The presenters began discussing a list that had been published of the top ten things men over forty shouldn't wear, so my ears pricked up as I wondered just how many of these things I would be guilty of.
Amongst the items decreed to be unsuitable for me by the fashion police were t-shirts with the name of a band on them, track suit bottoms, football shirts, tracksuit tops, and the biggest no-no is apparently a hoodie.
Now trackie bottoms I have issues with - they're an item of clothing with two sets of rules, a sort of bi-polar apparel. If I'm out in the big wide world, the last kind of thing I'd voluntarily wear would be trackie bottoms.
OK, so that's not entirely true - I'd rather be seen in trackie bottoms than a dress, or lingerie, or Jo Brand, but when it comes to going out in public wearing some sort of trousers, they're not even on the radar. However, apart from lounge pants, trackie bottoms are the very best thing for slobbing around the house in.
Football shirts were never going to be an issue because I'm basically allergic to football and would never wear something that marks me out as being a Carlsberg-drinking, Seat Ibiza-driving lout who enjoys pubs with fruit machines and Sky TV.
Although I don't currently own a t-shirt with a band on it, I really don't see why this would be an issue. Obviously a forty-something wearing a Taylor Swift t-shirt would look rather strange, but if the band in question was more age-specific like Led Zeppelin or Pink Floyd then I really don't see the problem.
I do admit to owning a hoodie though. I can't really explain why this happened, and god knows I shouldn't have to, but after hearing that article on the radio I'm suddenly feeling a bit self-conscious about wearing it.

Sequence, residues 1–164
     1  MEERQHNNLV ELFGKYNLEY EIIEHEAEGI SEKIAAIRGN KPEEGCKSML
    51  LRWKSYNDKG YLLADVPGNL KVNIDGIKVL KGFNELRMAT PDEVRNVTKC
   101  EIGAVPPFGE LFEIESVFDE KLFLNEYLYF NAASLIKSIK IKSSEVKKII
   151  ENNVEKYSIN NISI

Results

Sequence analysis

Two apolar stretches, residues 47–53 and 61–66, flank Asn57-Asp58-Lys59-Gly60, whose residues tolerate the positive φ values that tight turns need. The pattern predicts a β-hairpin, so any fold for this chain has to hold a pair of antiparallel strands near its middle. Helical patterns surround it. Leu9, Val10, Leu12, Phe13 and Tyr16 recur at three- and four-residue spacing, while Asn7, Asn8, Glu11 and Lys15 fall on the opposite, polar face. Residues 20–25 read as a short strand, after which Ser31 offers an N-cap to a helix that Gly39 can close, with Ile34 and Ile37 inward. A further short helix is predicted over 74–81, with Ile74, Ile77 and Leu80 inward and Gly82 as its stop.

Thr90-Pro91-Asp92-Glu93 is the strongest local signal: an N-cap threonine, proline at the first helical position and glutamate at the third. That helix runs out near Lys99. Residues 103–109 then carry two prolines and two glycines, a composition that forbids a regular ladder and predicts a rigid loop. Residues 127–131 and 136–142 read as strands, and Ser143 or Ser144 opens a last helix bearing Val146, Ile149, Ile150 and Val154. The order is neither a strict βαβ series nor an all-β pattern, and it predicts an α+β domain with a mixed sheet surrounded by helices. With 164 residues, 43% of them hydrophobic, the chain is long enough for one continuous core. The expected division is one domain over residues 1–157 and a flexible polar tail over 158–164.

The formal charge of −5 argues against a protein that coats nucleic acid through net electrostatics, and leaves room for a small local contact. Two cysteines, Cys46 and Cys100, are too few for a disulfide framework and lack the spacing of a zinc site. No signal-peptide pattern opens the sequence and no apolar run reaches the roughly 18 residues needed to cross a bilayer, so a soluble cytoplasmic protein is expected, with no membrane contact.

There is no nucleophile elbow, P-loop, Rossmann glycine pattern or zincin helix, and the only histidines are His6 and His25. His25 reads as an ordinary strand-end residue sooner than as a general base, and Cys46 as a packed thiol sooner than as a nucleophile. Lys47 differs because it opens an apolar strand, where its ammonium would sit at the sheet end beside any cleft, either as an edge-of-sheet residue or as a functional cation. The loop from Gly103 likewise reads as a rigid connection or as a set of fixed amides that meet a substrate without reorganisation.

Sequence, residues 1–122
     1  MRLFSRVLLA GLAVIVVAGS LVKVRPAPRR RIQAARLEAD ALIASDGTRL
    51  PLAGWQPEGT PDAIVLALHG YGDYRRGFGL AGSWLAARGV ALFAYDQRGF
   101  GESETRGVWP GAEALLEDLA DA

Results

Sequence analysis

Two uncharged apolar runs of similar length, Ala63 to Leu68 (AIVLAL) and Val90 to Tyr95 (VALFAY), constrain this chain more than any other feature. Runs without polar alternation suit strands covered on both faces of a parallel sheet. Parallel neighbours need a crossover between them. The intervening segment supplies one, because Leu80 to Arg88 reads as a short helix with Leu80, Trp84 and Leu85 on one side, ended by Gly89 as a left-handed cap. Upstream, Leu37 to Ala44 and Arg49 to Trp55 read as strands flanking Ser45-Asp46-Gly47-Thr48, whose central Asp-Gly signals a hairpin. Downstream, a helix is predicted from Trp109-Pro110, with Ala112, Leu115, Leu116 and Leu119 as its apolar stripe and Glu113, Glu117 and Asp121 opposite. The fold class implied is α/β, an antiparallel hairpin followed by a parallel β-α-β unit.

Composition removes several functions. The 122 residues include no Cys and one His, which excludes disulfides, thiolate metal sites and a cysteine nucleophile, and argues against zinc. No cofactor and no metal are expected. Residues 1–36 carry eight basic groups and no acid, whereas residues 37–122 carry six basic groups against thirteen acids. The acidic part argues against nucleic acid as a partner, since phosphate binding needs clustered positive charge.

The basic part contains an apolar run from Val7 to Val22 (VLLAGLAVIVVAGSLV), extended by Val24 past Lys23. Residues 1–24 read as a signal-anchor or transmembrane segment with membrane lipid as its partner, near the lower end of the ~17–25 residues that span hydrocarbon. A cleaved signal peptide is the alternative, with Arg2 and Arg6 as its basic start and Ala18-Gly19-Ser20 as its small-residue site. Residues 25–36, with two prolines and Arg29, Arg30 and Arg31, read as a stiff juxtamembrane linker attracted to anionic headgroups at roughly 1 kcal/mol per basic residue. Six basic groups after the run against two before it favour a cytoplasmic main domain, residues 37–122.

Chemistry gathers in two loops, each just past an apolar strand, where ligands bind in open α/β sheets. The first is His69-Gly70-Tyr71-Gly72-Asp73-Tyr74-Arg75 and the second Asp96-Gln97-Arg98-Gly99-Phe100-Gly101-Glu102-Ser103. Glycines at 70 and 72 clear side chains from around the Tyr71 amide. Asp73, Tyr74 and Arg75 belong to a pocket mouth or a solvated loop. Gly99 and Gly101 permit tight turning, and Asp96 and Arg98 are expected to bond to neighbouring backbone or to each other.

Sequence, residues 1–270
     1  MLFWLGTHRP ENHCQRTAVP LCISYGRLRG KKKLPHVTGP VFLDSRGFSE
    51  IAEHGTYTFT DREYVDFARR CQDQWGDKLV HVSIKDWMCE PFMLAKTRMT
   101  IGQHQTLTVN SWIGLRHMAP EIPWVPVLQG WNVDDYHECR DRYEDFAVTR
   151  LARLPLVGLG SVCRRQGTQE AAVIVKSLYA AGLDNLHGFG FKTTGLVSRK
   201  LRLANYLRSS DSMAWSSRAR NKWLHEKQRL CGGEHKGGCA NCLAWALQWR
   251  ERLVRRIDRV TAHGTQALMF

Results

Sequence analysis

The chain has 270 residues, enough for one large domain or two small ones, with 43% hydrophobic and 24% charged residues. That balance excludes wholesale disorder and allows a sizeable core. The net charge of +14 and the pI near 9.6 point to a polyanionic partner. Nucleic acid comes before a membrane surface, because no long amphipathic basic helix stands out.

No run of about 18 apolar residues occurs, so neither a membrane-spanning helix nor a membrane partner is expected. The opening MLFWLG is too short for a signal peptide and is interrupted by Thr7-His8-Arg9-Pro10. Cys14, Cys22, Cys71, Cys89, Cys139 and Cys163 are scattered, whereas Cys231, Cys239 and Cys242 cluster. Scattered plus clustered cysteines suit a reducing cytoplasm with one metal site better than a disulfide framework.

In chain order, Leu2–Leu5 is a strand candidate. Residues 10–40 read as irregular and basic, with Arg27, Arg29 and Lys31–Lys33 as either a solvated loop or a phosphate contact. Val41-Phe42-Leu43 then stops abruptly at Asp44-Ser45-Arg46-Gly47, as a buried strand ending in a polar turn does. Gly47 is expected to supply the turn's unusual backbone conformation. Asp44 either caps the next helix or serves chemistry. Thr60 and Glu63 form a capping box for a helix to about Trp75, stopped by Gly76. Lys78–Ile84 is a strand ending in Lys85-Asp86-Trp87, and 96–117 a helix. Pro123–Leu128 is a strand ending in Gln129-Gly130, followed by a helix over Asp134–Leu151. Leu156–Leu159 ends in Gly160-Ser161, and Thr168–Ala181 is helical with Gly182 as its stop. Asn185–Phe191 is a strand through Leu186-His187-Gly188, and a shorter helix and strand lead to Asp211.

Why is it that social rules change as we age?
Why do we feel the need to conform to certain stereotypes that are appropriate to our age in order to fit in?
Someone in their twenties would see nothing wrong with hooning around in a Mitsubishi Evo, testing the laws of physics with their arse on fire, whereas someone in their fifties would feel a complete tit doing the same thing and quite rightly so.
By that age society expects us to have grown up, become sensible and be plodding around in a beige Toyota Auris.
While the teenagers are wandering around with their trousers hanging halfway down their arses, middle-aged man is debating the pros and cons of an elasticated waist band to deal with that fine balance between comfort and disguising the inevitable belly bulge associated with a slowing metabolism, too little exercise and too many bacon sandwiches.
No matter how much we like to kid ourselves that we're the same person on the inside as we were when we were nineteen, the reality is that eventually we do change in many ways.
When I was about sixteen I felt great wearing a pair of white trousers and mirror sunglasses. It was the eighties and Miami Vice was all the rage, so it seemed only right to pay homage to Don Johnson in some way that didn't require the purchase of a Ferrari Daytona. If someone forced me to walk the streets wearing that outfit today I'd die of embarrassment.